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Chapter 2

Fundamentals of the Mechanical


Behavior of Materials

Questions

2.1 Can you calculate the percent elongation of ma­ increases. Is this phenomenon true for both ten­
terials ba."ed only on the information given in sile and compressive strains? Explain.
Fig. 2.6'1 Explain.
The difference between the engineering and true
Recall that the percent elongation is defined by strains becomes larger because of the way the
Eq. (2.6) on p. 33 and depends on the original strains are defined, respectively, as can be seen
gage length (to) of the specimen. From Fig. 2.6 by inspecting Eqs. (2.1) on p. 30 and (2.9) on
on p. 37 only the necking strain (true and engi­ p. 35. This is true for both tensile and com­
neering) and true fracture strain can be deter­ pressive strains.
mined. Thus, we cannot calculate the percent
2.4 Using the same scale for stress, we note that the
elongation of the specimen; also, note that the
tensile true-stress-true-strain curve i<; higher
elongation is a function of gage length and in­
than the engineering stress-strain curve. Ex­
creaSE*> with gage length.
plain whether this condition also holds for a
2.2 Explain if it is possible for the curves in Fig. 2.4 compre&iion test.
to reach 0% elongation as the gage length is in­ During a compression test, the cross-sectional
creased further. area of the specimen increll.S€s a." the specimen
height decrea."es (because of volume constancy)
The percent elongation of the specimen is a
as the load is increased. Since true stress i" de­
function of the initial and final gage lengths.
fined as ratio of the load to the instantaneous
When the specimen is being pulled, regardless
cross-sectional area of the specimen, the true
of the original gage length, it will elongate uni­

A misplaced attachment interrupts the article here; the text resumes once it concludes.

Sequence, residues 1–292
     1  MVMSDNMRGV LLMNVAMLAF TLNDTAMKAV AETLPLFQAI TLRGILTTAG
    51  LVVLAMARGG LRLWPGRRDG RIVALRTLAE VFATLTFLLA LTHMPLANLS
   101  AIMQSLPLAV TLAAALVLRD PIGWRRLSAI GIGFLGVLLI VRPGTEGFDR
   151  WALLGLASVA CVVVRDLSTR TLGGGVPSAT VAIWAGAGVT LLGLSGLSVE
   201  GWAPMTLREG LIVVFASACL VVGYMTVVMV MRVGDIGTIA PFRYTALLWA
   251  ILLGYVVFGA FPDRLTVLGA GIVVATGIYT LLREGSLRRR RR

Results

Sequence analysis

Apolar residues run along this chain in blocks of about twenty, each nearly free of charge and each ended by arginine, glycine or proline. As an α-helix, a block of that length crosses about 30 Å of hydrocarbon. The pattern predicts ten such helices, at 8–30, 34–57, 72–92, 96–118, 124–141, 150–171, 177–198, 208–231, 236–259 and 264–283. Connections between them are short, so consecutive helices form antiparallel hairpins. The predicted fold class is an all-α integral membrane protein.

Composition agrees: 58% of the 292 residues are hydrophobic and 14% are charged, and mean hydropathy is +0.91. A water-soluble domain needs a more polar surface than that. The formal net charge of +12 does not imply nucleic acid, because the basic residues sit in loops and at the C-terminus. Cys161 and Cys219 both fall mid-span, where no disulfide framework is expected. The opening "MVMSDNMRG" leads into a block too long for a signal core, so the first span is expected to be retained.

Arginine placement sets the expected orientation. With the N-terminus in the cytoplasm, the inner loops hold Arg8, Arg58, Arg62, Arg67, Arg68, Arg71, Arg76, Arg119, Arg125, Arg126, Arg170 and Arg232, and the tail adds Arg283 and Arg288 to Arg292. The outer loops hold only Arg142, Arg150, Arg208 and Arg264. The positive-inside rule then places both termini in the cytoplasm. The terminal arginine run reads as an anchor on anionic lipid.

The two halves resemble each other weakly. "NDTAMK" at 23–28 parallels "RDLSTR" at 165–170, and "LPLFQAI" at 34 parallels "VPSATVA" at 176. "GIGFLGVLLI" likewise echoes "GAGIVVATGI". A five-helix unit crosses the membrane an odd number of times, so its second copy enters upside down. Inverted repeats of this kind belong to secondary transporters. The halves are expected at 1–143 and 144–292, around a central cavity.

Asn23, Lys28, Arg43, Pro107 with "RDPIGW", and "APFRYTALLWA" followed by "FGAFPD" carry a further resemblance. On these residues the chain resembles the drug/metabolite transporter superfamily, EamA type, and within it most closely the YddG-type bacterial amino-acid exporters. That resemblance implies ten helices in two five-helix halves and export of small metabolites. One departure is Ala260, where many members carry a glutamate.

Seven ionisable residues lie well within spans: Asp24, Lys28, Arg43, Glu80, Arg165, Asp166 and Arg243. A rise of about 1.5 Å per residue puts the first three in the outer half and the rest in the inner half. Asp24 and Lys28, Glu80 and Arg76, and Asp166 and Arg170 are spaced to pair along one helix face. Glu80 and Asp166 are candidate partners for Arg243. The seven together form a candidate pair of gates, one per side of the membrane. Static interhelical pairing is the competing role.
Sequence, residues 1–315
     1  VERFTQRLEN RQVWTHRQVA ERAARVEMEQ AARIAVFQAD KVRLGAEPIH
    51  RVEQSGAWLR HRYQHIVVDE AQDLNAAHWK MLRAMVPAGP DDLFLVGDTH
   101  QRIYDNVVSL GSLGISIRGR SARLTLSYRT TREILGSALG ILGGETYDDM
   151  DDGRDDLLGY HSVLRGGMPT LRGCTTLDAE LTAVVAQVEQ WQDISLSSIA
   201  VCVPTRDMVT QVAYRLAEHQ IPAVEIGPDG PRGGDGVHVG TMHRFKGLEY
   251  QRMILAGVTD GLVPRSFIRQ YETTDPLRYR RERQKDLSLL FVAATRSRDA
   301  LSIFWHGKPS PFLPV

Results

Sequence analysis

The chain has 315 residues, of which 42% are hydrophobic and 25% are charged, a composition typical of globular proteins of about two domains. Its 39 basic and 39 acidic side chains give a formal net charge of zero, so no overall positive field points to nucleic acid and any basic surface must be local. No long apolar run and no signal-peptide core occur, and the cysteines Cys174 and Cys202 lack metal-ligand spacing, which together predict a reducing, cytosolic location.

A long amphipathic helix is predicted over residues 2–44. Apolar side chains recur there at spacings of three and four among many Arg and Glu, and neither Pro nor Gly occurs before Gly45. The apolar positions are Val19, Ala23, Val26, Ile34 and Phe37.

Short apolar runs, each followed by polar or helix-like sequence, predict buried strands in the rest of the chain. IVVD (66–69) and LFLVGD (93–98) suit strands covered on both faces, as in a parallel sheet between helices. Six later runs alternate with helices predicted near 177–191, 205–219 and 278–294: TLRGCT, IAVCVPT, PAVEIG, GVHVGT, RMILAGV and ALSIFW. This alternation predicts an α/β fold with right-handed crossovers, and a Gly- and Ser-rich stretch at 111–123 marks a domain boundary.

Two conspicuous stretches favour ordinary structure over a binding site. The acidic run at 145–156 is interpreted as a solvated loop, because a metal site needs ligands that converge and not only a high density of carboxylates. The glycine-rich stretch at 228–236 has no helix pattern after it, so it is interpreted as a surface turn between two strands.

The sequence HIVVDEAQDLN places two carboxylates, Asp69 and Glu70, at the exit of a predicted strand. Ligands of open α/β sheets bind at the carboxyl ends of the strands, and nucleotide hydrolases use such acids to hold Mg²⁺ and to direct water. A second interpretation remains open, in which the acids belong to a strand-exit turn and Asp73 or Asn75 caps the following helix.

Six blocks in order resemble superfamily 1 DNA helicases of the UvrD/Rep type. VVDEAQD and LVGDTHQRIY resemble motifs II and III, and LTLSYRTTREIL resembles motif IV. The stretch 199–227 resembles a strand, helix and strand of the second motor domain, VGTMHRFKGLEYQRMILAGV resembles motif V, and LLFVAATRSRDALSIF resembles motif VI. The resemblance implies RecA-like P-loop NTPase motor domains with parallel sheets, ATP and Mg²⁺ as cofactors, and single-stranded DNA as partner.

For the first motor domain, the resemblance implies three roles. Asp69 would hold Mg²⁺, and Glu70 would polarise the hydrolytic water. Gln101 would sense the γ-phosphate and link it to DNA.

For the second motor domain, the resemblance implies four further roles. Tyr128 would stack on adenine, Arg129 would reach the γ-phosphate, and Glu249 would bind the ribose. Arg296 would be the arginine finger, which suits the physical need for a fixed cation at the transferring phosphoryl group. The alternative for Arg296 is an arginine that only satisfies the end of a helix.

stress in compression will be lower than the en­
formly (and permanently) until necking begins.
gineering stre&> for a given load, assuming that
Therefore, the specimen will always have a cer­
friction between the platens and the specimen
tain finite elongation. However, note that as the
is negligible.
~llecimen's gage length is increa.'ied, the contri­
bution oflocalized elongation (that is, necking) 2.5 Which of the two tests, tension or compression,
will decrea.'ie, but the total elongation will not requires a higher capacity testing machine than
approach zero. the other? Explain.

2.3 Explain why the difference between engineering The compression test requires a higher capacity
strain and true strain becomes larger as strain machine because the cross-sectional area of the

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~pecimen increas~ during the test, which is the stress-true strain curve represents the specific
opposite of a ten~ion test. The increase in area work done at the necked (and fractured) region
require~ a load higher than that for the ten­ in the specimen where the strain is a maximum.
sion t~t to achieve the same stress level. F\lr­ Thus, the answers will be different. However,
thermore, note that compression-t~tspecimens up to the onset of necking (instability), the spe­
generally have a larger original cross-sectional cific work calculated will be the same. This is